New Badger Institute book finds federal grants deprive us of our money, liberty and trust
CONTACT: Mike Nichols, Badger Institute president, at 414-225-9940 or at Mike@badgerinstitute.org
Oct. 8, 2018 — Approximately 10,000 State of Wisconsin employees are actually paid with federal funds, according to a new book by the Badger Institute that documents the negative impacts of the Badger State’s increased reliance on Washington, D.C.
“Federal Grant$tanding” combines traditional policy research, investigative reporting, surveys of educators and local officials, and interviews with key players to produce some alarming findings. Among them:
- Nationally, grants-in-aid to state and local governments have exploded from $7 billion in 1960 to an estimated $728 billion today.
- Most states today — including the Badger State — receive about one-third of their revenues from the federal government.
- A growing number of Wisconsin “state employees” — around 10,000 of them, including University of Wisconsin System employees and almost 5,000 state government employees — are paid with federal funds. For example, fully 73 percent of the Wisconsin Department of Workforce Development’s 1,600 workers are now paid with federal funds.
- The slow federal takeover of other state agencies is also underway. Nearly 50 percent of employees in both the Department of Public Instruction and the Department of Children and Families are paid with federal funds.
- Nearly 30 percent of federally paid workers in just six Wisconsin departments appear to simply administer federal dollars. Their annual salary and benefits total nearly $89 million.
- Fully 83 percent of Wisconsin public school administrators surveyed said it is at least “likely” there would be more innovation in schools if they had more discretion over how federal funds are spent. Most of those respondents said it would be “much more likely.”
- Around 50 percent of surveyed Wisconsin public school teachers agreed there would be more innovation if federal funds allowed for more local discretion.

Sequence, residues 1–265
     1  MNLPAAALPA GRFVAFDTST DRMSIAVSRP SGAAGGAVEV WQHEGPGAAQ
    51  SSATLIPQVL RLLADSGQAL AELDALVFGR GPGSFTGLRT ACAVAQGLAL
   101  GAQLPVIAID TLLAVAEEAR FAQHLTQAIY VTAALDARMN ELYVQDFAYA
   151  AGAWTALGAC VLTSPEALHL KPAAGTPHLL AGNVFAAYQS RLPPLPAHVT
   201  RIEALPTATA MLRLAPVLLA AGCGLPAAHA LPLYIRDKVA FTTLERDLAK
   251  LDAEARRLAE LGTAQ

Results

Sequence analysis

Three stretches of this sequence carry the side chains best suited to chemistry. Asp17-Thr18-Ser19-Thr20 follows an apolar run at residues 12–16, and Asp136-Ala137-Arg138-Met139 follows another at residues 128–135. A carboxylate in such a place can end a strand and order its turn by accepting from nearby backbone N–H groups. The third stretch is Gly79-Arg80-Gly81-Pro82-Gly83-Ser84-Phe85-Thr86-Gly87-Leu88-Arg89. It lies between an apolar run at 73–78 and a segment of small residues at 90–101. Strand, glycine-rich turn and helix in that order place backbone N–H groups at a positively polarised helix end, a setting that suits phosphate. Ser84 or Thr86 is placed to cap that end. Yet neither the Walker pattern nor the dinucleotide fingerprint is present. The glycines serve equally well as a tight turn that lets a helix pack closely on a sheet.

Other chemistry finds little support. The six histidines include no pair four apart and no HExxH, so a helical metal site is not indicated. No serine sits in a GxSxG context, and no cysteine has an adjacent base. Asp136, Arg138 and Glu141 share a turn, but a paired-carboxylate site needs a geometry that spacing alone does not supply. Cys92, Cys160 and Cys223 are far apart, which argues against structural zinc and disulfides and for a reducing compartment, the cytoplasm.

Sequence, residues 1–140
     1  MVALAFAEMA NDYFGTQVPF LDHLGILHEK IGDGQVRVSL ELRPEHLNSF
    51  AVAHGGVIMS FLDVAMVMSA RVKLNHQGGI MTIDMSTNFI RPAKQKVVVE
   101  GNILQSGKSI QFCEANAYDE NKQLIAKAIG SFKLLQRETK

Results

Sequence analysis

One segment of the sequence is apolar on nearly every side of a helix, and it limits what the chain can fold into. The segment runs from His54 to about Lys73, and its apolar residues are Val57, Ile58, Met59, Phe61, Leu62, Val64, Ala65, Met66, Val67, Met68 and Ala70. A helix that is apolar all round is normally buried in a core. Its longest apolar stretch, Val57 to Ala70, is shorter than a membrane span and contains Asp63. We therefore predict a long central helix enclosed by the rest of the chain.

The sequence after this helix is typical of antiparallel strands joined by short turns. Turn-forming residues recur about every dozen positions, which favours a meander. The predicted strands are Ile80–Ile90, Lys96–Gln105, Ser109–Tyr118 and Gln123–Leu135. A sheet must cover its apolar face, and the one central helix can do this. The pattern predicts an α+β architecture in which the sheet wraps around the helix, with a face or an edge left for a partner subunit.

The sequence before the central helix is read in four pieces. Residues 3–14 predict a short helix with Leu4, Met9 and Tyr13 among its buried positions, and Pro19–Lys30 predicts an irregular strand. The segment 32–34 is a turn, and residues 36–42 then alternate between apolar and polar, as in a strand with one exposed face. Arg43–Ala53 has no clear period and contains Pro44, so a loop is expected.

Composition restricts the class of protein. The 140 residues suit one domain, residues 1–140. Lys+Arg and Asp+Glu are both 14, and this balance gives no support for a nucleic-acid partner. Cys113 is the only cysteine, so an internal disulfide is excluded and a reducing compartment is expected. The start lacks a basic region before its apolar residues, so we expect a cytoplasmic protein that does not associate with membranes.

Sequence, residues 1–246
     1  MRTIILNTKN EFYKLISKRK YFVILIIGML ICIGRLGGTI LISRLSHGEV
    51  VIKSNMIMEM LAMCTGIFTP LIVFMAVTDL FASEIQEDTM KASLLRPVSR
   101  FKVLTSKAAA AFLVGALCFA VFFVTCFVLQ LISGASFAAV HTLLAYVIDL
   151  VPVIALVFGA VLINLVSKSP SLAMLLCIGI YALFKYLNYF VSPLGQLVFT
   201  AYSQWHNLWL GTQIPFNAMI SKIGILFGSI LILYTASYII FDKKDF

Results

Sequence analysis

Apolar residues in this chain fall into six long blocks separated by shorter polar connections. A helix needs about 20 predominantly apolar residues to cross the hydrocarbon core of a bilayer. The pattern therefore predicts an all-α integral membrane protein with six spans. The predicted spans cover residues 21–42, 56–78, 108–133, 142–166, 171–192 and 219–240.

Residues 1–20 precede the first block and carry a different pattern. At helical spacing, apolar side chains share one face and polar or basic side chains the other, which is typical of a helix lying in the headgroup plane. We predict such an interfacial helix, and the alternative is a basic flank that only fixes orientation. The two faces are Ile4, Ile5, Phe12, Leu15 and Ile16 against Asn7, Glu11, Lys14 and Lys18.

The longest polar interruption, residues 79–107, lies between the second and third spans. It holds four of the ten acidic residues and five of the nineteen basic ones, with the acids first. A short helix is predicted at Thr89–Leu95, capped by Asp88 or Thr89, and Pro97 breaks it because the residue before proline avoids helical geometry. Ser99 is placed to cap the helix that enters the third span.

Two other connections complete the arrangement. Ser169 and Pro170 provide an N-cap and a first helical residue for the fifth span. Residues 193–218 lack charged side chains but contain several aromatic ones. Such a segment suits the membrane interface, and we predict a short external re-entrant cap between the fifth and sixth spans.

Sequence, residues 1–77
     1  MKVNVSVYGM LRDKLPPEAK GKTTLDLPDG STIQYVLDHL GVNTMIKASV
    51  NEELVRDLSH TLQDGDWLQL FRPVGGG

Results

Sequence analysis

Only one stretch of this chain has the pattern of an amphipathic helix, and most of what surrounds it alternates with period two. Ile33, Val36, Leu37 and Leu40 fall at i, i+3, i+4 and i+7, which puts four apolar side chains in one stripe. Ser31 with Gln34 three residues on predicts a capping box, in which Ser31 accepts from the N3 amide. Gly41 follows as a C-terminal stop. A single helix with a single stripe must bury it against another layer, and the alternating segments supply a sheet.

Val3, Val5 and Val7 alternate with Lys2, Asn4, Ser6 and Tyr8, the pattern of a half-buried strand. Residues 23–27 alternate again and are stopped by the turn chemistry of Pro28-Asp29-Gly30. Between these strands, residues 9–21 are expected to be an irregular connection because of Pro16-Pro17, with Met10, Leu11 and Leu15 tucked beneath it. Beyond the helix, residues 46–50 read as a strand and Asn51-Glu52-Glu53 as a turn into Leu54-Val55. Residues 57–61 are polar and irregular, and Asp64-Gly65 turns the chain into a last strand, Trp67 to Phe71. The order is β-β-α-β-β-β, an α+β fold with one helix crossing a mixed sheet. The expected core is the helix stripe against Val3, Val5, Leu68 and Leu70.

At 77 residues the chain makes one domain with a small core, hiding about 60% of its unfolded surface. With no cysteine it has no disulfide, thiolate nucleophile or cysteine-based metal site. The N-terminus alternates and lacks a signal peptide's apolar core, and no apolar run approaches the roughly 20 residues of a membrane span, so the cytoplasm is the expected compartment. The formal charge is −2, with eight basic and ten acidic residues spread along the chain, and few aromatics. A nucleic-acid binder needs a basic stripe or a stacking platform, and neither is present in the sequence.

- Eighty-one percent of school administrators said accountability would improve or at least stay the same if they had more discretion.
- The Department of Public Instruction spends $54 million annually just administering federal funds.
- School districts that saved taxpayer money as the result of Act 10 reforms are compelled by federal “maintenance of effort” requirements to spend that money — often on things they don’t want or need — or lose federal funding.
- Federal money and guidelines are skewing how important local decisions on things such as the Milwaukee streetcar are being made, producing widespread public dissatisfaction and questionable spending.
“We found that the lines between federal, state and local governments aren’t just becoming blurred; they’re being completely erased,” said Mike Nichols, president of the Badger Institute. “The results of this growing federal overreach are pernicious, increasing costs, incentivizing bad decisions, stifling innovation, undermining accountability and ultimately undermining the balance of power established by our Constitution. We need to wake up to the fact that federal grants come at a very high cost.”
“The primary beneficiaries of federal grants are the officeholders who receive free and uncritical coverage when they announce grants in their states and districts,” said Dan Benson, who served as editor of the Badger Institute’s Project for 21st Century Federalism. “The only reason a system so wasteful and unaccountable exists is that it allows politicians to engage in the art of ‘grantstanding.’ ”
The book concludes that the continued reliance on federal grants threatens the dual system of governance established by the U.S. Constitution. The book offers a variety of possible solutions including:
- Cutting spending on federal grants
- Eliminating or scaling back the Department of Education
- Increasing the use of block grants with fewer strings attached
- Taking full advantage of the flexibility offered by the Every Student Succeeds Act
- Demanding metrics that measure outcomes, not inputs
- Pursuing a bipartisan effort to restore local control
- Increasing transparency at the state level
“There is growing recognition on the right and the left that local issues are better addressed by those with the closest proximity,” said Nichols. “State and local officials better understand the education, transportation and economic needs of their communities than distant bureaucrats who couldn’t find these communities on a map. Fortunately, reform is possible. It starts with the recognition that federal money is anything but free.”